Chlorine in nature
The US Environmental Protection Agency is likely to cut down or ban the production of chlorine and compounds containing it.
However, many scientists believe that even were manufacture of chlorine-containing chemicals to be prohibited, their creation would not cease. Nature produces many of them, more than 1500, with more being discovered. Some are highly toxic, while others are benign such as those present in edible seaweed. The simplest natural organochlorine is methyl chloride (CH3CI). It is produced by marine algae, kelp, wood-rotting fungi, and some terrestrial vegetation. In total, the annual global emission rate of CH3CI is 5 million tonnes.
Annual manmade emissions total 26,000 tonnes.
Furthermore, the smoke of burning wood contains more than 100 organochlorine compounds. These include scores of polychlonnated dioxins (PCDDs) and polychlorinated dibenzofurans (PCDFs). Among them is the highly toxic dioxin (2, 3, 7, 8 tetrachlordibenzo-p-dioxin). The PCDDs can withstand temperatures of nearly 100 degree Calsius in the presence of excess oxygen.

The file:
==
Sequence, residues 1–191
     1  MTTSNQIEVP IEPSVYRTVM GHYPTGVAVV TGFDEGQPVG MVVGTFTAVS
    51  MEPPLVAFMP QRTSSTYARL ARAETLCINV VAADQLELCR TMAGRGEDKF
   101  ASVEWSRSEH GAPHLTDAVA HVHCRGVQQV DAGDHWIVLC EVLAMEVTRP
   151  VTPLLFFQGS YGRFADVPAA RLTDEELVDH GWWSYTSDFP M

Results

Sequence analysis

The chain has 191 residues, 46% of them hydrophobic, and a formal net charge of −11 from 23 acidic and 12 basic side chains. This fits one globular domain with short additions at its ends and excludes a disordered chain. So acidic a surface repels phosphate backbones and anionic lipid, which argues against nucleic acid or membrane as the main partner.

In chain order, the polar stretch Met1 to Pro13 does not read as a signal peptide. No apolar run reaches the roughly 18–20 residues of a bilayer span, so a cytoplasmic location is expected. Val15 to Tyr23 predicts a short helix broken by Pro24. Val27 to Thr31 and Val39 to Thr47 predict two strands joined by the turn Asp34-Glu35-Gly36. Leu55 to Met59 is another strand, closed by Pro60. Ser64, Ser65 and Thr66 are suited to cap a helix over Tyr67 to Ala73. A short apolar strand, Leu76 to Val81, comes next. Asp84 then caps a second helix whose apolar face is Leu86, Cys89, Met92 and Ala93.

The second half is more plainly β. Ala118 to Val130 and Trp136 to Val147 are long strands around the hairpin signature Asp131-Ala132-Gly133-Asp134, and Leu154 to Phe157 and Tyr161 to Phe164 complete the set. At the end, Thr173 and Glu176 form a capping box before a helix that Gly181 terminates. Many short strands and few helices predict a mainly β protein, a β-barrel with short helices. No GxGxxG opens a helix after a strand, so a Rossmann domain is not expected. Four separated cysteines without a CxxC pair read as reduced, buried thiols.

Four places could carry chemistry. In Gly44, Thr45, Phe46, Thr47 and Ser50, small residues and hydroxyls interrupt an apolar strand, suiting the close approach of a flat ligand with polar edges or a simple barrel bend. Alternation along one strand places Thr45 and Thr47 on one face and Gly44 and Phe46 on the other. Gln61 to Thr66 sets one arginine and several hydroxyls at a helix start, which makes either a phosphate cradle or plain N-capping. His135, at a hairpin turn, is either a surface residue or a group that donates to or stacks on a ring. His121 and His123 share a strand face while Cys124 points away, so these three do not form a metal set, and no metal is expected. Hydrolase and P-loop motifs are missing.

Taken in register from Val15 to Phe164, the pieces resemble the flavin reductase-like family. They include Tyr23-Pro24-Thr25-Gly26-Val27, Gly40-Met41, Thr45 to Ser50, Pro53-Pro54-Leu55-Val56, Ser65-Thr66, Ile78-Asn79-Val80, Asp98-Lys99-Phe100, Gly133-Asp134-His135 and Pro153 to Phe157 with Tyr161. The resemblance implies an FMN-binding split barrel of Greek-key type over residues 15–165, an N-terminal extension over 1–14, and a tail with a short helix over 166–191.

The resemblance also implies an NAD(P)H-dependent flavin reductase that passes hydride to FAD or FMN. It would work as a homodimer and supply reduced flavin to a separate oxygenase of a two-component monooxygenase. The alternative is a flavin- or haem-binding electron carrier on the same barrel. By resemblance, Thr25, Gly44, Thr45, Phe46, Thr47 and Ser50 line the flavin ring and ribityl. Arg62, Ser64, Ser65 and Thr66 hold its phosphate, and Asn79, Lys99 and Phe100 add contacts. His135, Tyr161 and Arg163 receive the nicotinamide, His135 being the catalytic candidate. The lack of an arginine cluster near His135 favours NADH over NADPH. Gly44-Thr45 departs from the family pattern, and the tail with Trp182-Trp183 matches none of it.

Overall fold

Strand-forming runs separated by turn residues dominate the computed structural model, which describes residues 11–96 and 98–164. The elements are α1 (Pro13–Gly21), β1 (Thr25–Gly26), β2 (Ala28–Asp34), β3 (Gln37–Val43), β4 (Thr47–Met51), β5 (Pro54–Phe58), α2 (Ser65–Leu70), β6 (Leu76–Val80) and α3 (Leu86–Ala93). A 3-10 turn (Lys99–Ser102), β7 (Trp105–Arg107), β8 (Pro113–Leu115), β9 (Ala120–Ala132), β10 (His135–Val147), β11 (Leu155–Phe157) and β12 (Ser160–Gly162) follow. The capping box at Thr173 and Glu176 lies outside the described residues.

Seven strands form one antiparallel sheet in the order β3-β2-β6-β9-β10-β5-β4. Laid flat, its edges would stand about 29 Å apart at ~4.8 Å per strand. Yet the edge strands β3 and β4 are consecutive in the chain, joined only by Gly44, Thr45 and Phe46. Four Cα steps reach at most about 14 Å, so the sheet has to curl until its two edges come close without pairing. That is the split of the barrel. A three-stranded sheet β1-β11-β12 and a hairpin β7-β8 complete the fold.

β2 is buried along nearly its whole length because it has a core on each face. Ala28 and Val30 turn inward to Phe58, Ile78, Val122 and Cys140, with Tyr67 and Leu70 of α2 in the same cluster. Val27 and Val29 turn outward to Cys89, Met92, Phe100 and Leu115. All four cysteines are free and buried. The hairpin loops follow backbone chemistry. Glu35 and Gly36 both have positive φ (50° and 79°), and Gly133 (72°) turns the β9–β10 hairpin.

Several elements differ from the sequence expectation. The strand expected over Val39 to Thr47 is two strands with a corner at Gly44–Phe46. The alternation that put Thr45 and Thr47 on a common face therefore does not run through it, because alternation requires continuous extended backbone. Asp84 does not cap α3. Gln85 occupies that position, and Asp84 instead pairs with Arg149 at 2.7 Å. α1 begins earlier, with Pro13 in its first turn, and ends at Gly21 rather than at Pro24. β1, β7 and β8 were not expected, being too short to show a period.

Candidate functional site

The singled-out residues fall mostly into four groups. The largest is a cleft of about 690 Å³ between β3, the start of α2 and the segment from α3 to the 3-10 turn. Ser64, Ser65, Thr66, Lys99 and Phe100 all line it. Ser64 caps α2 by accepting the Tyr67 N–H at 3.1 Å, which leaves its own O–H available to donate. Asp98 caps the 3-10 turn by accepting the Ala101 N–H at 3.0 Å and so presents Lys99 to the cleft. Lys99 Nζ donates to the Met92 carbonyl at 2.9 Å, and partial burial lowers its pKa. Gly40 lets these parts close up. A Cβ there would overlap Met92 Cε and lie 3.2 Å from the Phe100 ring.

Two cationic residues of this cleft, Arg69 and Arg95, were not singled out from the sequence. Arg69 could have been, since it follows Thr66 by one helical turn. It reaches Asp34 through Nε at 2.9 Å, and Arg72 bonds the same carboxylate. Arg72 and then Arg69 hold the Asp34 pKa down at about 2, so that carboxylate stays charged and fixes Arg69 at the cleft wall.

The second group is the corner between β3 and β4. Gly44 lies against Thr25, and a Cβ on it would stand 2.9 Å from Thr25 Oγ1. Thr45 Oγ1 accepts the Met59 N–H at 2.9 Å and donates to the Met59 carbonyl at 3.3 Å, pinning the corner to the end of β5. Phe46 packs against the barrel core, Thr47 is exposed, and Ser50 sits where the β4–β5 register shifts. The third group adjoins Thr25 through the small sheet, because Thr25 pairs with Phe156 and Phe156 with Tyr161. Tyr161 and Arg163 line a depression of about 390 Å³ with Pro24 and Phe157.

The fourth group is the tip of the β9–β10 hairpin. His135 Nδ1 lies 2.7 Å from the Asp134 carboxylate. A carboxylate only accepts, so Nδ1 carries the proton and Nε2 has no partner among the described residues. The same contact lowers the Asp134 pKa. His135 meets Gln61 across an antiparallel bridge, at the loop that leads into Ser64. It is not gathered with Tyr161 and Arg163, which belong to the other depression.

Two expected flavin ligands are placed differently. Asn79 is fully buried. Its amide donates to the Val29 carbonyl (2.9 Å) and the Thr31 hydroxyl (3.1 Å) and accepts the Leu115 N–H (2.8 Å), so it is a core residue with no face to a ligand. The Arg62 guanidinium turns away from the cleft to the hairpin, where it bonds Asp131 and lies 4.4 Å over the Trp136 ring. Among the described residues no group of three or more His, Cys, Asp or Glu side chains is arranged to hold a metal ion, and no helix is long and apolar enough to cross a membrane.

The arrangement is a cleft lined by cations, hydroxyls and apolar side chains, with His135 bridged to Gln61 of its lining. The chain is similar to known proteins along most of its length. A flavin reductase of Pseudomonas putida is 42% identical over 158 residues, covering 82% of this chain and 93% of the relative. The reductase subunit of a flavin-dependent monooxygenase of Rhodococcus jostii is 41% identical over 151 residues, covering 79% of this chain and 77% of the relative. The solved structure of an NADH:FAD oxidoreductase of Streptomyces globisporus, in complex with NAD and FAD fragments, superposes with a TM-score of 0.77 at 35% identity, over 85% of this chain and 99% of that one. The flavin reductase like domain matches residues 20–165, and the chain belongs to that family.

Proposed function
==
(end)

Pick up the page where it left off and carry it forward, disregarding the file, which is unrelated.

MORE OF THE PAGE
two research groups have concluded that forest and bush fires are major sources of PCDDs. It has been estimated that annually as much as 60 kilogrammes of PCDDs are produced on an average in Canadian forest fires. In addition to Canadian emissions. forest fires elsewhere and domestic woodburning in the developed and especially in the less developed countries generate a much larger amount. This in turn is supplemented by.slash-and-burn agriculture. According to Science magazine, manmade production of dioxin has decreased during the last two decades and is smaller than that created by combustion of wood.
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